TR = Terror

Readers love writers so much, so intensely that they want them to be more than just writers.

Bilal Tanweer April 21, 2011
You’ve heard the rumors: literature is dead, libraries are museums, reading is an outdated practice, and writers are beggars. But, gentle readers, let me assure you, the truth is as ever: people love their writers — and today more than ever.

In fact, today’s readers love writers so much, so intensely that they want them to be more than just writers. They want them to be their mystics, oracles, psychics, visionaries, political experts, policy makers, cookie monsters, cuddly bears, bffs, everything — that is, everything but writers. And most writers are like attention-famished kids who have managed to trick everybody into believing they have two or more birthdays every year. They stand ready and alert to cut any cake and talk on any subject, wherever they are called to do so. And they are cutting all sorts of cakes out there as we speak.

While writers may be overeager to express their views on politics and everything else with its backside to the sun, the dirty secret is that the only thing they have any special insight into is what they spend most of their waking time cavorting with — and that is language. And while literature is also about the world and mystical insights into it, it is fundamentally about something more prosaic and ordinary, i.e. language.

For some reason, nobody seems to be noticing this.

There is a reason for this: it makes life easy. When writers tell you their book is about current political events, you don’t have to read what is written on the page; just splash the text with its context and it will turn into something nice and identifiable. And if the work is from Pakistan, a spattering of the current events would immediately yield a transmutation of the work into a little dispatch on terrorism, extremism, provincial autonomy, colonialism or Life in the Good Old Days. You think I’m kidding? Let me illustrate.

Here’s one by Taufiq Rafat:
Cancer

What was inside you

flowered so intensely

it overtook all

with a springtime swiftness.

Brother, you were good

ground. Water and prayer

have done their work.

Sleep sound.

First think of it this way. Imagine this phrase — ‘flowered so intensely’, how precisely it conveys a blooming that is quick, dense and overwhelming. And this other one: ‘a springtime swiftness’ — a trademark Taufiq Rafat move where he constructs a complex yet exact, easy-on-the-eye adverb or adjective by collapsing it into another noun. In its paradoxical way, the poem finds a way to crown both the brother and the disease: he was chosen, for he was ‘good ground’. The end of this poem is heartbreaking because the reader gradually realises what ‘water’ and ‘prayer’ signify, and ‘work’ really means a hastening of death. But what’s truly, truly remarkable here — and here you see the hand of a genuine poet — is the consistency of the metaphor of spring. It’s so well wrought that it works until the last line. This poem only requires a change in title for it to be read as a call for spring.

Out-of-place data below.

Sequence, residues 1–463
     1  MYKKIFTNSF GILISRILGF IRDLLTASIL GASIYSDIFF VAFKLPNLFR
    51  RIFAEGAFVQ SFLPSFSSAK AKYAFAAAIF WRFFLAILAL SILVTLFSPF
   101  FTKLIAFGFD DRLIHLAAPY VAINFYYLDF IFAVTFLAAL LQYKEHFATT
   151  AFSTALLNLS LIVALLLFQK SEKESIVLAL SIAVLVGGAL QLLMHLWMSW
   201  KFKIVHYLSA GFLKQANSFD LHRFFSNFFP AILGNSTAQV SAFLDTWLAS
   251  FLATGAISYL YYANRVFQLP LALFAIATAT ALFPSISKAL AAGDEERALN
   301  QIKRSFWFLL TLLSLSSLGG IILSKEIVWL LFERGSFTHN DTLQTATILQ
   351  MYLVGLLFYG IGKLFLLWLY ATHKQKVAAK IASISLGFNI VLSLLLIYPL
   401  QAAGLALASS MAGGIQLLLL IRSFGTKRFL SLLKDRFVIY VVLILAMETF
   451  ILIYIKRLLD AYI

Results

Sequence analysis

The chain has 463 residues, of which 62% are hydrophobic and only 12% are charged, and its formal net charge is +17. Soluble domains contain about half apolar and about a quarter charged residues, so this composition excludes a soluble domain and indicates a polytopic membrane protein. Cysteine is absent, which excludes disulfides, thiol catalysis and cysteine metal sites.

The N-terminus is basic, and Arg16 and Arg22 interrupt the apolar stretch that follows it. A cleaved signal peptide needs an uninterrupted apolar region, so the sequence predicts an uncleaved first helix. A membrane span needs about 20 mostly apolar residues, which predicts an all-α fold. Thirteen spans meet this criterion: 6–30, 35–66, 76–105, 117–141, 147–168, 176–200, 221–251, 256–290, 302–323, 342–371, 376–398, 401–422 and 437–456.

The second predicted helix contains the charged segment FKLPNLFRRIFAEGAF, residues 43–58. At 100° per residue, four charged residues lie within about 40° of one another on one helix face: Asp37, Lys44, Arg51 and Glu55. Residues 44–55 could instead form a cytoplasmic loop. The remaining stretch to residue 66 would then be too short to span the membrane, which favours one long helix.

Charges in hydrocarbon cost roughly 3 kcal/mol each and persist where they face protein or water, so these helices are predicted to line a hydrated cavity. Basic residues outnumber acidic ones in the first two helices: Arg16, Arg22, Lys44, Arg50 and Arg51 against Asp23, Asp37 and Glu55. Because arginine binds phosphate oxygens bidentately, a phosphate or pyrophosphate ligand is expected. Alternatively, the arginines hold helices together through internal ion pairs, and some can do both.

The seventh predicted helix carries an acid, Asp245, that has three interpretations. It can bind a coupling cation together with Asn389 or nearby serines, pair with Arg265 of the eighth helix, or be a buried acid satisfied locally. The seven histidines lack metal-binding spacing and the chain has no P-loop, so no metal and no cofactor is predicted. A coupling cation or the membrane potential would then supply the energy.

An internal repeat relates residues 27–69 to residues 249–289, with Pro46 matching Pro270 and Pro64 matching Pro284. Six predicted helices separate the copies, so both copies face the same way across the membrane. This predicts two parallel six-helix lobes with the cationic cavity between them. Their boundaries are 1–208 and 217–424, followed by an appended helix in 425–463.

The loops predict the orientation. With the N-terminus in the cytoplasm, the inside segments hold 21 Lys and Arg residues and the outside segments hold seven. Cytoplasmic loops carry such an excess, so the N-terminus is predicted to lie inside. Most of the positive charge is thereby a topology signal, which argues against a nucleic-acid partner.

Now read this poem again as an elegy for extremism in Pakistan and how Taufiq Rafat foresaw what was coming, like, thirty years ago. And look, there is even a mention of prayer in there. Of course, if you look even more closely: Cancer = Extremism and Taufiq Rafat = TR = terror.

See what I mean?

Good. Next time we’ll read Baba Black Sheep as an analogy for President Zardari. Till then.



Published in The Express Tribune.
WRITTEN BY:
Bilal Tanweer A writer and translator who teaches creative writing at LUMS.
The views expressed by the writer and the reader comments do not necassarily reflect the views and policies of the Express Tribune.

COMMENTS (5)

Usman Ahmad | 10 years ago | Reply Well Bilal..I did notice that the pakistani writers were engaged in too much politics and were way too judgemental. Nobody has asked tham because their audience is usually homogeneous. Most of them liberals from well-to-do families. So nobody seems to care that their only speciality is literature and not commentary on stupid war on terror. Besides, if you ask me, honestly, I don't believe that any Pakistani writer has produced any insightful work which carries depth and will be enjoyed and revered by posterity. Instead, they present an apologetic account of some protagonist who has enjoyed woman and wine until 11th of September, 2001. They are, for the time being it seems, unable to write a novel like 'War and Peace' in which problems of middle and lower classes are discussed and the dilemma of the youth is written in an unapologetic manner.
Shumaila | 10 years ago | Reply I guess Fahad is right, a sign of good poetry is that you can read whatever you want into it. But there has to be a limit to how far one can do this, and you're right too, that an analysis of Baa Baa Black Sheep as an analogy for Zardari's regime is just an example of 'reading meaning' into things too far.
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